Doorsrio and KAPT_Kipper send us this ray of sunshine for victims of the CoinVault ransomware. PC World has a story on a new tool released by Kaspersky Lab that exploits decryption keys uncovered on a CoinVault command and control server during an investigation by Dutch police. Kapersky researcher Jornt van der Wiel said the tool isn’t 100% effective but police hope to uncover more keys as their investigation continues. No arrests have been made in connection with the CoinVault ransomware operation but the perpetrator is believed to reside in the Netherlands.
Goofball_jones posted the Ars Technica report about an opinion piece written by industry analyst Jack Gold and published by Verizon. Gold makes the fair point that if everyone had unlimited data and used it fully networks would suffer. He also argues that users don’t require more data and wouldn’t want to pay for the infrastructure to deliver it anyway. Network management company Sandvine’s CTO Don Bowman has said Data caps do not do a very good job of managing congestion.
Discussion Section Links:
Pick of the day:
Jack wrote in saying:
“I have been a long time listener since your buzz out loud days and know you have mentioned Audible over the years and just found out something I did not know before. Audible has an option to stream your books on a browser. This is such a great little surprise for us chromebook users like myself that I can now pop the headphones on and listen to books as I surf the web and my 5 year old claims my phone as his own.”
I just donated to your Patreon because I feel like I give back some value before I insert my opinion and potentially take up air time. I love the show and the coverage you guys give to wearables, even if you’re skeptical of smartwatches. I wanted to write in just to remind folks that wearables is a much broader category than just smartwatches. While, as you noted, most of the products in this sector are aimed at women, there are a growing number of products that aren’t gender specific. I’ve compiled a short list of some wearables that are not smartwatches for you and your listeners:
Garin writes in:
Hey Tom, Jenny and Patrick,
I am emailing in response to the story in the headlines yesterday from Ars Technica (and covered widely across the internet) about TWC increasing internet speeds in Charlotte, NC in response to Google Fiber. I just wanted to point out that they might have rolled this out “early” in response to Google, but this particular instance it is not necessarily anything new.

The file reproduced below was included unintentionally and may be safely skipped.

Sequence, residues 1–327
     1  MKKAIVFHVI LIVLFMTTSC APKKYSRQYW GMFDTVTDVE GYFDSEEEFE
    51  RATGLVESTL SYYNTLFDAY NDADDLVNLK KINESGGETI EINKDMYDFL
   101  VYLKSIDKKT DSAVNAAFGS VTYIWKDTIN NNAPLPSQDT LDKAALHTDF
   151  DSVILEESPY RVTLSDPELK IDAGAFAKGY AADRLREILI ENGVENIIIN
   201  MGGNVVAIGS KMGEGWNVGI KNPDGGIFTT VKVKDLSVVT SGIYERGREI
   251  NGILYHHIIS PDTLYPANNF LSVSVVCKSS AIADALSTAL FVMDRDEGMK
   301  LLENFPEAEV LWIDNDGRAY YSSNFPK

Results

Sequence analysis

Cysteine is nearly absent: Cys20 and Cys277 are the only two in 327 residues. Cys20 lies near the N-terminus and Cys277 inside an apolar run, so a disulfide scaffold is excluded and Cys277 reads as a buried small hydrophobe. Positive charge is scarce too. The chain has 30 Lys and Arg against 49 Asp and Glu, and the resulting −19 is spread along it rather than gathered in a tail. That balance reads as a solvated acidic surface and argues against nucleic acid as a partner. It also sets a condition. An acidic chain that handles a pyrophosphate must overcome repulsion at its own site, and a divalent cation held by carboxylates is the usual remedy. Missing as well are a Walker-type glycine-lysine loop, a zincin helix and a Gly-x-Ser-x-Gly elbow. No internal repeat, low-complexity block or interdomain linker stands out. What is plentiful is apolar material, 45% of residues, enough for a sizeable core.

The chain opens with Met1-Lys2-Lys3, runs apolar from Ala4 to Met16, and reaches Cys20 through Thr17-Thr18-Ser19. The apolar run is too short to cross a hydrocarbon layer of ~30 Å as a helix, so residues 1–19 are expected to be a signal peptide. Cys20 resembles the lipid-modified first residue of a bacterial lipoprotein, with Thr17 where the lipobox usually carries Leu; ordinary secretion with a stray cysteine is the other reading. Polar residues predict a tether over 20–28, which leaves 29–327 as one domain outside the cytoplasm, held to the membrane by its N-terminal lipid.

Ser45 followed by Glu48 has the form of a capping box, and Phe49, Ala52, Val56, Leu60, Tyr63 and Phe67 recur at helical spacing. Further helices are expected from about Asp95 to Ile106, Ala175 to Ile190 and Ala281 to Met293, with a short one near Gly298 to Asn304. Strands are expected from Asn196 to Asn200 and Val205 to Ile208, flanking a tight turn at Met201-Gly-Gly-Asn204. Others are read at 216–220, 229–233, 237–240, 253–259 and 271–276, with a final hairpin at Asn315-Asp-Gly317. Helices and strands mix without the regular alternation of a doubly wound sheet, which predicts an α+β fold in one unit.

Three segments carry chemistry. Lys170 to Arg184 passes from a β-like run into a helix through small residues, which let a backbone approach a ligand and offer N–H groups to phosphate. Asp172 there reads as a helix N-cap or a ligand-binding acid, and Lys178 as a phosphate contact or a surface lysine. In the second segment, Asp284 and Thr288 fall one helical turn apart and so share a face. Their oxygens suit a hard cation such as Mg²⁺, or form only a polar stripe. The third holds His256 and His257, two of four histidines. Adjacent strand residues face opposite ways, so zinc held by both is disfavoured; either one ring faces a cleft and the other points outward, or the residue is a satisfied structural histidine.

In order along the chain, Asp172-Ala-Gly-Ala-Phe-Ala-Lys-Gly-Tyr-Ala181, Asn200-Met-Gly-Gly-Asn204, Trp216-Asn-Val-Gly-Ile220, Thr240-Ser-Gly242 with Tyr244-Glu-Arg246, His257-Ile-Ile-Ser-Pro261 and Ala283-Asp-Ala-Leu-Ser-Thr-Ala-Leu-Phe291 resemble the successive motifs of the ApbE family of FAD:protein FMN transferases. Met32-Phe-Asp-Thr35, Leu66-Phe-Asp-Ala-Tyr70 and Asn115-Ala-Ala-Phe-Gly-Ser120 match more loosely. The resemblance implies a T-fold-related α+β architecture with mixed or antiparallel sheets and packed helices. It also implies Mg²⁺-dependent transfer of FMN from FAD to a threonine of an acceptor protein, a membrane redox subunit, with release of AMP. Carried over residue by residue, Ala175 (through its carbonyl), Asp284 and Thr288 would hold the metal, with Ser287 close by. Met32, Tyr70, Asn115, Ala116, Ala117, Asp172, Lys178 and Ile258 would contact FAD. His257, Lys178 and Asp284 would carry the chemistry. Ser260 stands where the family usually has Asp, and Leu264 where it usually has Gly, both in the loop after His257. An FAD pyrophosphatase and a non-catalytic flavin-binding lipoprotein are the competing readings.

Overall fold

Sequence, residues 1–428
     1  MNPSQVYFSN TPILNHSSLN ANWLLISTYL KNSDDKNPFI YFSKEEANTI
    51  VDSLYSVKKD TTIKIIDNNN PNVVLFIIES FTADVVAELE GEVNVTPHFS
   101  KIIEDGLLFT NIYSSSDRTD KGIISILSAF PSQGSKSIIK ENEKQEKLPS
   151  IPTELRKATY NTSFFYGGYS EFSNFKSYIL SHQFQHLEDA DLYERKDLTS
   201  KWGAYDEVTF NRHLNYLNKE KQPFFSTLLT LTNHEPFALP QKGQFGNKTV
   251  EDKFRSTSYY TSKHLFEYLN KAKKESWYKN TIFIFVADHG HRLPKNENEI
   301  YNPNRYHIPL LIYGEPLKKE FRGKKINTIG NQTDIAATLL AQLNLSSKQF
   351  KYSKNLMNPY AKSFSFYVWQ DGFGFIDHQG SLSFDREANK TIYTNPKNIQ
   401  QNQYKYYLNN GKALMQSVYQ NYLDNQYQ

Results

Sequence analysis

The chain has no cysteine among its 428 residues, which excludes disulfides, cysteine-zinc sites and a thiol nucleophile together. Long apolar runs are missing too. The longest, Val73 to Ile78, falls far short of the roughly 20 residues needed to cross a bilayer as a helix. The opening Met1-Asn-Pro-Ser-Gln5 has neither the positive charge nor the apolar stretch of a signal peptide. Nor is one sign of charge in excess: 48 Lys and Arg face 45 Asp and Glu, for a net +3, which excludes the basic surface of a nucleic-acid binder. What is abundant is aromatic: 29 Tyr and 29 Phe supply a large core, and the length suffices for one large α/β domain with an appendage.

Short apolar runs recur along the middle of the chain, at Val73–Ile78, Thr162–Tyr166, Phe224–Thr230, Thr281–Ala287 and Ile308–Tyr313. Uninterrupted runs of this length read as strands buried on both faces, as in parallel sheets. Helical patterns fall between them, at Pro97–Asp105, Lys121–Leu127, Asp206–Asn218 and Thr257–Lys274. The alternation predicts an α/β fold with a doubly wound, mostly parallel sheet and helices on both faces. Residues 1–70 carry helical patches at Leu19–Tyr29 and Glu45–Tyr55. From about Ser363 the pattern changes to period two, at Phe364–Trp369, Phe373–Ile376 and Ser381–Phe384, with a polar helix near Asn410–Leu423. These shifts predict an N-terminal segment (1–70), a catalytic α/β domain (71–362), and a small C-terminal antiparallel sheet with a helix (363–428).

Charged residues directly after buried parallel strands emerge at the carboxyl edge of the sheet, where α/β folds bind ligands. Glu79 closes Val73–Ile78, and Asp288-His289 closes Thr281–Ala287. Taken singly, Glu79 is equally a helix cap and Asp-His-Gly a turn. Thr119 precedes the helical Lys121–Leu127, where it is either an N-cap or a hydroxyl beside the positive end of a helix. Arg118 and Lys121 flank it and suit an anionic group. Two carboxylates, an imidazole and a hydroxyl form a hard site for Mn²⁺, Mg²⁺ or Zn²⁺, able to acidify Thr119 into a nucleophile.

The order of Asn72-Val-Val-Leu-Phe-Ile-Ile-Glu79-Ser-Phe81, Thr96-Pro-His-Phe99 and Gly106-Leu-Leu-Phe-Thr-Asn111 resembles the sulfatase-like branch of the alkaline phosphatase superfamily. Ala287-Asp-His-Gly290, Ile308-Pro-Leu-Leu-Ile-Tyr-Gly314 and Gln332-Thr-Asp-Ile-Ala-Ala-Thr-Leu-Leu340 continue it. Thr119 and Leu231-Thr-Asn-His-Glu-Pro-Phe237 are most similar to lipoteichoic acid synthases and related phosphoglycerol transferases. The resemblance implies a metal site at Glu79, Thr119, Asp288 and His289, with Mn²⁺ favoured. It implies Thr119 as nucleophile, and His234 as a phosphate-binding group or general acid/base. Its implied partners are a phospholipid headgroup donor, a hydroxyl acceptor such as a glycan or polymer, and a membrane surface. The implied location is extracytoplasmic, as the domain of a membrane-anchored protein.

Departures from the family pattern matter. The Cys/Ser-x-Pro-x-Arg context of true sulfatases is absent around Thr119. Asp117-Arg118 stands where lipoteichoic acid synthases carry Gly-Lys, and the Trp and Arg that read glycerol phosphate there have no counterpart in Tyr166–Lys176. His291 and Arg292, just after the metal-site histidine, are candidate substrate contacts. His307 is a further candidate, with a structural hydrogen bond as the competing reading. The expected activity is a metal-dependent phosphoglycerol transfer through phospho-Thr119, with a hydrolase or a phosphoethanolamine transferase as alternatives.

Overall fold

I have Time Warner Cable in LA County (Santa Clarita, by Magic Mountain) and we got these exact speed increases a year ago. Coworkers of mine also got these increases in Pasadena and Covina, so it appeared to be the wider LA area. At the time I researched it and discovered it was actually rolling out as a pilot program in LA and NY (Press release here.) So this increase has probably been in the works for a while, and will likely come to many other (if not every) Time Warner area in the near future.
I just wanted to email in and point out that a story that seemed to blow up all over yesterday was really less of a deal than it looked (Although I totally get that it has happened previously in other instances.)
Love the show and am a proud Patron!
Nathan the school tech in weird weather Washington (state) sent us this email:
I do network and desktop support in a medium-large school district.
I agree that some form of punishment for the student involved is warranted (the original suspension seemed reasonable).
A large portion of the responsibility for the incident lies with the teacher as well as whoever was allowing the use of completely insecure passwords for administrative access to the computer.
The adults in the area are responsible for attempting to prevent the irresponsible, dumb things children do because they are children. When a child does gets caught breaking the rules their behavior should be corrected.
When a teacher creates or allows a situation to continue that leads to inappropriate student behavior, they need some serious correcting as well.
Tuesday’s guests: Natali Morris